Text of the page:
“Who do people say the Son of Man is?” They replied, “Some say John the Baptist; others say Elijah; and still others, Jeremiah or one of the prophets.”
“But what about you?” [Jesus] asked. “Who do you say I am?” Simon Peter answered, “You are the Messiah, the Son of the living God.” (Matthew 16:13-16)
In John 6, Jesus has gone up the mountain with his disciples as a large crowd of about five thousand (!!!) gathers because they saw the signs that he was doing for the sick. Jesus looks out over the crowd and then he turns to Philip. The gospel writer tells us that what happens next is a ‘test.’
Jesus said to Philip, “Where are we to buy bread for these people to eat?” Philip answered him, “Six months’ wages would not buy enough bread for each of them to get a little.” One of his disciples, Andrew, Simon Peter’s brother, said to him, “There is a boy here who has five barley loaves and two fish. But what are they among so many people?” (v5-9)
Jesus takes the five loaves and the two fish from the young boy, divides it among the five thousand—giving them as much as they wanted—and they were satisfied!
This is an example of the test Jesus administers over and over throughout the gospels. It only has one question: Who do you believe I am? When Jesus asks Philip where they can buy bread for all those people, Philip doesn’t say anything to indicate his belief that nothing is beyond the power of Jesus. He doesn’t reveal any faith in Jesus’ ability to solve this problem. Instead of answering Jesus’s question about “where” bread might come from, all Philip can think about is “how.” And he limits his possible answers to the “how” of this world—a world absent the living power of God incarnate though Jesus. (Likewise, Andrew focuses only on what he can envision through earthly power.)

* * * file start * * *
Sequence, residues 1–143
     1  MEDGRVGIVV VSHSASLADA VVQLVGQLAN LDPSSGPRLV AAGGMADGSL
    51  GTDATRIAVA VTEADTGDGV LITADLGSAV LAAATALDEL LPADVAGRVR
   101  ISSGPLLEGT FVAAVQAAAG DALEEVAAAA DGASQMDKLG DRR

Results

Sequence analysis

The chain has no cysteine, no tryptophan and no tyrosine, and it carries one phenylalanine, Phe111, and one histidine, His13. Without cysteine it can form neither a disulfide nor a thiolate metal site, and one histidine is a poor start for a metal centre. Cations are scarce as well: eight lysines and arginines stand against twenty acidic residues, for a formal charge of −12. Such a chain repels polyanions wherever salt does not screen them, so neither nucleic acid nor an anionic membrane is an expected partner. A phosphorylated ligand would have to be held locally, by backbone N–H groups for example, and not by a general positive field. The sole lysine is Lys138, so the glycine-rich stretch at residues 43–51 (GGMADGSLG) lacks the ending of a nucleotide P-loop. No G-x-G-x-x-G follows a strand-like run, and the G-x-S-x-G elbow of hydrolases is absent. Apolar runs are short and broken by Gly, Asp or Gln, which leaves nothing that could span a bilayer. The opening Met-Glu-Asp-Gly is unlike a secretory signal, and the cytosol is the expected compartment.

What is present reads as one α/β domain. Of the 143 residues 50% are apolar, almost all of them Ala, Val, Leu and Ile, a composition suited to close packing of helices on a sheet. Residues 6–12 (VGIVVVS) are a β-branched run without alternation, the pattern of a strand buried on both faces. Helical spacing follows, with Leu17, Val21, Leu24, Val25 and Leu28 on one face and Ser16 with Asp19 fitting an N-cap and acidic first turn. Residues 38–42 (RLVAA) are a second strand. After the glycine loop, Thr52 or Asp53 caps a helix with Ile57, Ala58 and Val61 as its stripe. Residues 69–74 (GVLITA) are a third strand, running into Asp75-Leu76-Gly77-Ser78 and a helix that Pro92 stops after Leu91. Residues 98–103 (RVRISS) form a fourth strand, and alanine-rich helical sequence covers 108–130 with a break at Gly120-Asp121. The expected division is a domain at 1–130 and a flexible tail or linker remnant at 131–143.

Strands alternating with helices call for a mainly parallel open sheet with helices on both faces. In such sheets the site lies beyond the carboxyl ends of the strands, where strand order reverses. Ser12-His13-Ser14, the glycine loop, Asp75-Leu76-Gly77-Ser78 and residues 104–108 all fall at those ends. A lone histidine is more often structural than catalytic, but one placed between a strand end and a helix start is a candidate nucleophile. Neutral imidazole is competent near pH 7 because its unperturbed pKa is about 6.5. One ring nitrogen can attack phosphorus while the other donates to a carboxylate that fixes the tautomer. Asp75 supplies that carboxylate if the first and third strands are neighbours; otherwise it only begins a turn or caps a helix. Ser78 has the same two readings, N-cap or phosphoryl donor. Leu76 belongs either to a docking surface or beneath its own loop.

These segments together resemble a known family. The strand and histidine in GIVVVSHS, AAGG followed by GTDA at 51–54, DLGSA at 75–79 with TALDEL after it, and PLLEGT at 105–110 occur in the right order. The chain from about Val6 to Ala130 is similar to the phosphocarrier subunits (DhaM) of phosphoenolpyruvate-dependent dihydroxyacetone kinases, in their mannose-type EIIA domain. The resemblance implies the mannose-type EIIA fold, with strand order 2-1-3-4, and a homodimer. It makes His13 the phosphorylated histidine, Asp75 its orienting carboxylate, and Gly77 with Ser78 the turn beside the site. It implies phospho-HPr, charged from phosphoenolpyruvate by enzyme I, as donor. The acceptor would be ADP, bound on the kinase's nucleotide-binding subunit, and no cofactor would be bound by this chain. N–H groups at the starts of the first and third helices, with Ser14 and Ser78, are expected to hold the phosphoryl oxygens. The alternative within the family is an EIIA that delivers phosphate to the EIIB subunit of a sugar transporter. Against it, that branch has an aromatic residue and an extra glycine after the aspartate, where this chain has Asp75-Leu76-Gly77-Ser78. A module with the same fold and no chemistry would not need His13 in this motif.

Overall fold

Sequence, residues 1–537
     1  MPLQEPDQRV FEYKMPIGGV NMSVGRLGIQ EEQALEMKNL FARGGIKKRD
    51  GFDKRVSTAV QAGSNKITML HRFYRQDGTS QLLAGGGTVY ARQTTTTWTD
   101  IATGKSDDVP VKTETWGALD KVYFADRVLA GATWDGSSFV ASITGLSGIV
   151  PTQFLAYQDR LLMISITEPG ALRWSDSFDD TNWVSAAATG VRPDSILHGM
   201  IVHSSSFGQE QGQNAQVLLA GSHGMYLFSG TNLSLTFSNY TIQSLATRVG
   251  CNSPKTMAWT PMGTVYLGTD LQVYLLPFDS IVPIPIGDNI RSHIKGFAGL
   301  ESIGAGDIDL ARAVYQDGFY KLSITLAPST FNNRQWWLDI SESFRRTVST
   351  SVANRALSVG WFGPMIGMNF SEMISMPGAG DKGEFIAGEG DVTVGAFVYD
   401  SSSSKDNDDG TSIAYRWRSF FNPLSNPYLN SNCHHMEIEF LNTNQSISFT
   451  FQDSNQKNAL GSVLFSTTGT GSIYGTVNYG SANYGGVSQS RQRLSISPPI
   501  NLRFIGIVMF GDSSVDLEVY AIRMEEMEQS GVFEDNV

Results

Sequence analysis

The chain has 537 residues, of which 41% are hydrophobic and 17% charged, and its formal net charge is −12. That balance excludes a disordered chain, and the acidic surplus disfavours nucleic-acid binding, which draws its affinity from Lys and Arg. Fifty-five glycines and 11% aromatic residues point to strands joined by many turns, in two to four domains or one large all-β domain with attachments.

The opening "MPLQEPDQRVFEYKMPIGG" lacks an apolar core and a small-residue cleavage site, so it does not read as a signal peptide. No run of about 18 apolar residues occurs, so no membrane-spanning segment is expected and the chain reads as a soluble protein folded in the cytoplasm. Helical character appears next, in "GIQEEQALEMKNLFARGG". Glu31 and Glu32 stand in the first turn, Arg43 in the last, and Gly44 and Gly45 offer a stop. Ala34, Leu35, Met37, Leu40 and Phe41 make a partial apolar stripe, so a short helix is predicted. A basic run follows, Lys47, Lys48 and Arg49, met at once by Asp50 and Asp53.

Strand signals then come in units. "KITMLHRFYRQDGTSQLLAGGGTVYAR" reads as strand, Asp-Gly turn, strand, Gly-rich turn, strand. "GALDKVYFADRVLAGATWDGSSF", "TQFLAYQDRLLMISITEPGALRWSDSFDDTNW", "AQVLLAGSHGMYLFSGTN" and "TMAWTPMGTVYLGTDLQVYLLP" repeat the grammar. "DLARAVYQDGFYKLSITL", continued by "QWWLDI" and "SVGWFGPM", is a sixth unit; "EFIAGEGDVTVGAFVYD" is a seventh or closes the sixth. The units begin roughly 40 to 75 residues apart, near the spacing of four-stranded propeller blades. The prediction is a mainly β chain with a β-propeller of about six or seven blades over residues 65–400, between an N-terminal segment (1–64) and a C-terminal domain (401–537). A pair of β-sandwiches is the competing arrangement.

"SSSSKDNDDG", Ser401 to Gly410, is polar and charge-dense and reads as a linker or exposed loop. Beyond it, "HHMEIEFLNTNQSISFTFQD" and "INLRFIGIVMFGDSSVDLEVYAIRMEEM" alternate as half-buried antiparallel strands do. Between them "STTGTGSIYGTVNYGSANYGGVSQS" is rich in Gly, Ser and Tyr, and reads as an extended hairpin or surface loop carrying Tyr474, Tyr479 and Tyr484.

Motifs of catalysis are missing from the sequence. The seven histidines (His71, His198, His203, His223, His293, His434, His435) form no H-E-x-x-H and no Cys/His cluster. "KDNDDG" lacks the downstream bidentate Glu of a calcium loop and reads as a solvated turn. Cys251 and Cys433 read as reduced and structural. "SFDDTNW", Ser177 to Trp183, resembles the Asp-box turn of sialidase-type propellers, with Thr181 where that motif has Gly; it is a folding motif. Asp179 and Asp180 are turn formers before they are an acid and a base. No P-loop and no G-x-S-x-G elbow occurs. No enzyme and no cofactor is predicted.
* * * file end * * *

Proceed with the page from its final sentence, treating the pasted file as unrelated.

Just a few short chapters back, Philip was the one proclaiming, “We have found him of whom Moses in the Law and also the prophets wrote” (John 1:45). Yet, when his faith is tested, he forgets that the one of whom Moses spoke has promised to always take care of his people. Even when more than you were expecting show up for dinner.
Friday’s Faithful: To know the Cross is to know that we are saved by the sufferings of Christ; more, it is to know the love of Christ Who underwent suffering and death in order to save us. It is, then, to know Christ. ― Thomas Merton